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Arterial ulceration is caused by reduced blood supply to the lower limb.
- it is the second most common ulcer in the lower extremity and accounts for about 10% all leg ulcers
- both sexes are equally affected (1)
Arterial or arteriolar obstruction leads to ischemia of the skin and subcutaneous tissues which may result in formation of ulcers (2).
- such impairment may occur acutely (e.g. trauma, thrombosis) or chronically (e.g. - atherosclerosis) and both may lead to ulceration
- peripheral vascular disease due to atherosclerosis is the most common cause of arterial ulceration
- it is commonly seen in men older than 45 and women older than 55
- some patients may have a family history of premature atherosclerotic disease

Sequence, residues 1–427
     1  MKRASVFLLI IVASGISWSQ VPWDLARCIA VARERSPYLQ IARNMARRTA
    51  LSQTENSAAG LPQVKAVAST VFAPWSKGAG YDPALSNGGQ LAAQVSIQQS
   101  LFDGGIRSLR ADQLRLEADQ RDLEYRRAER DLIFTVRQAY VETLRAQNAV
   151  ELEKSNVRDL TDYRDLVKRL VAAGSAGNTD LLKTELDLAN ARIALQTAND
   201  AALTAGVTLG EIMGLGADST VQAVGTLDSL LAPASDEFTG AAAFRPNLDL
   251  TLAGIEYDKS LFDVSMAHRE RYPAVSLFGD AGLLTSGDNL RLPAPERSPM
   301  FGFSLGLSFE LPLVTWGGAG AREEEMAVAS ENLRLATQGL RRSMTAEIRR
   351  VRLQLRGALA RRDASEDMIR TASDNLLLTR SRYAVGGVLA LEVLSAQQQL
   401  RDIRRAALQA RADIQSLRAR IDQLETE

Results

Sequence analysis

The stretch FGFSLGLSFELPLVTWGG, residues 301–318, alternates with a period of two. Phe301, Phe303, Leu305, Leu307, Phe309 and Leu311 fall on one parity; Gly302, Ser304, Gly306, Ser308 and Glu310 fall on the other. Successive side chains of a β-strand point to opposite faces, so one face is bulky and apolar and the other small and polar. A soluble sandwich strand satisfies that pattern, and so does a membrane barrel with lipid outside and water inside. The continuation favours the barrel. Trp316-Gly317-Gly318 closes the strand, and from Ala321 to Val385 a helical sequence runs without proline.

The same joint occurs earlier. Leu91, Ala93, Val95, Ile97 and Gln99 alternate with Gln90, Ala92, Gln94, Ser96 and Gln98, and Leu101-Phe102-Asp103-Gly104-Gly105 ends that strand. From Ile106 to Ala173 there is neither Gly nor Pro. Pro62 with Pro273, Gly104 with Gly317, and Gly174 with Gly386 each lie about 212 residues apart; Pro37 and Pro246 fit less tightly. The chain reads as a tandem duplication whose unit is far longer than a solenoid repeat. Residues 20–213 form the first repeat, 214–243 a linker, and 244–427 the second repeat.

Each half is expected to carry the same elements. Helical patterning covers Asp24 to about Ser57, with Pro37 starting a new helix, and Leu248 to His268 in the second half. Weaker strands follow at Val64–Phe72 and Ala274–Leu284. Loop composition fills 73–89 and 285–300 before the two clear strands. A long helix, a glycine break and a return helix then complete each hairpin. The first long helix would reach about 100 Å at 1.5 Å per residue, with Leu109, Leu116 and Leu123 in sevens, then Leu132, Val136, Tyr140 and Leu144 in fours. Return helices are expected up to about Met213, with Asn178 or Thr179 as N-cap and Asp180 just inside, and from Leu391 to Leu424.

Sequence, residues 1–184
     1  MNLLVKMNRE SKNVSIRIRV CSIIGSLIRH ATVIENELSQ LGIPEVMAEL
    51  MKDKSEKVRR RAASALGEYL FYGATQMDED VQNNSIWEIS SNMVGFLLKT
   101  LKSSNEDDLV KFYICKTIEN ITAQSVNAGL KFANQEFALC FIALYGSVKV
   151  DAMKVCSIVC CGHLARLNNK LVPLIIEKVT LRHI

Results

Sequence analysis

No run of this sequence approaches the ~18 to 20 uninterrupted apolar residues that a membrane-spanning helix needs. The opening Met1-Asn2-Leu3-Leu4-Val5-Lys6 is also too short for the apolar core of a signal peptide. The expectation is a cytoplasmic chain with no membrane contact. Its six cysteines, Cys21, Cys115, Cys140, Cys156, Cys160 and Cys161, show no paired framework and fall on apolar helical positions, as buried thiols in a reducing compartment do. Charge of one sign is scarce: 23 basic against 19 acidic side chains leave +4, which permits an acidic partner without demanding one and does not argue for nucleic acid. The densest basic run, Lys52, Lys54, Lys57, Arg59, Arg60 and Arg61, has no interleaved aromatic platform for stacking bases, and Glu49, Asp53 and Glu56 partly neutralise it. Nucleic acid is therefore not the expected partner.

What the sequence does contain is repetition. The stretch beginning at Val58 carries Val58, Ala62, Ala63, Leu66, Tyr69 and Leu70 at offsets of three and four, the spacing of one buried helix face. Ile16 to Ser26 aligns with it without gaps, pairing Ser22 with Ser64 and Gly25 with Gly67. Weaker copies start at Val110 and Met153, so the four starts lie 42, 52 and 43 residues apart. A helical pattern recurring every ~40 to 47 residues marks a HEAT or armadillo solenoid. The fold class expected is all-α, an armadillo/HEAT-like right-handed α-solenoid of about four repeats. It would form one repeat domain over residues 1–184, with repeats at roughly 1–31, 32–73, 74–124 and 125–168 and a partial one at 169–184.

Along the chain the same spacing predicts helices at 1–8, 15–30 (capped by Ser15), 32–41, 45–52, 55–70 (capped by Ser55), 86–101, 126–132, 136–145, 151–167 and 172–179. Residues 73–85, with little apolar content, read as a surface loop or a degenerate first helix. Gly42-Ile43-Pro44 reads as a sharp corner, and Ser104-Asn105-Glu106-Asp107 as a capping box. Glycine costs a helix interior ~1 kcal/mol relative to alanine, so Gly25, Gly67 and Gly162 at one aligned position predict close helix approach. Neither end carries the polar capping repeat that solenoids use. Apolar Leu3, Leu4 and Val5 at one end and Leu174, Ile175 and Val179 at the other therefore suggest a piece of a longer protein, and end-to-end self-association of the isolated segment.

- other causes (some of which may predispose to the formation of atheroma) include: diabetes with microvascular or macrovascular disease, vasculitis, pyoderma gangrenosum, thalassaemia, and sickle cell disease (1,2)
- (1) Grey JE, Harding KG, Enoch S. Venous and arterial leg ulcers. BMJ. 2006;332(7537):347-50.
- (2) Agale SV. Chronic Leg Ulcers: Epidemiology, Aetiopathogenesis, and Management. Ulcers 2013;vol. 2013, Article ID 413604, 9 pages
- (3) Hopf HW, Ueno C, Aslam R, Burnand K, Fife C, Grant L, Holloway A, Iafrati MD, Mani R, Misare B, Rosen N, Shapshak D, Slade JB, West J, Barbul A. Guidelines for the treatment of arterial insufficiency ulcers. Wound Rep Reg 2006; 14: 693-710
Last reviewed 01/2018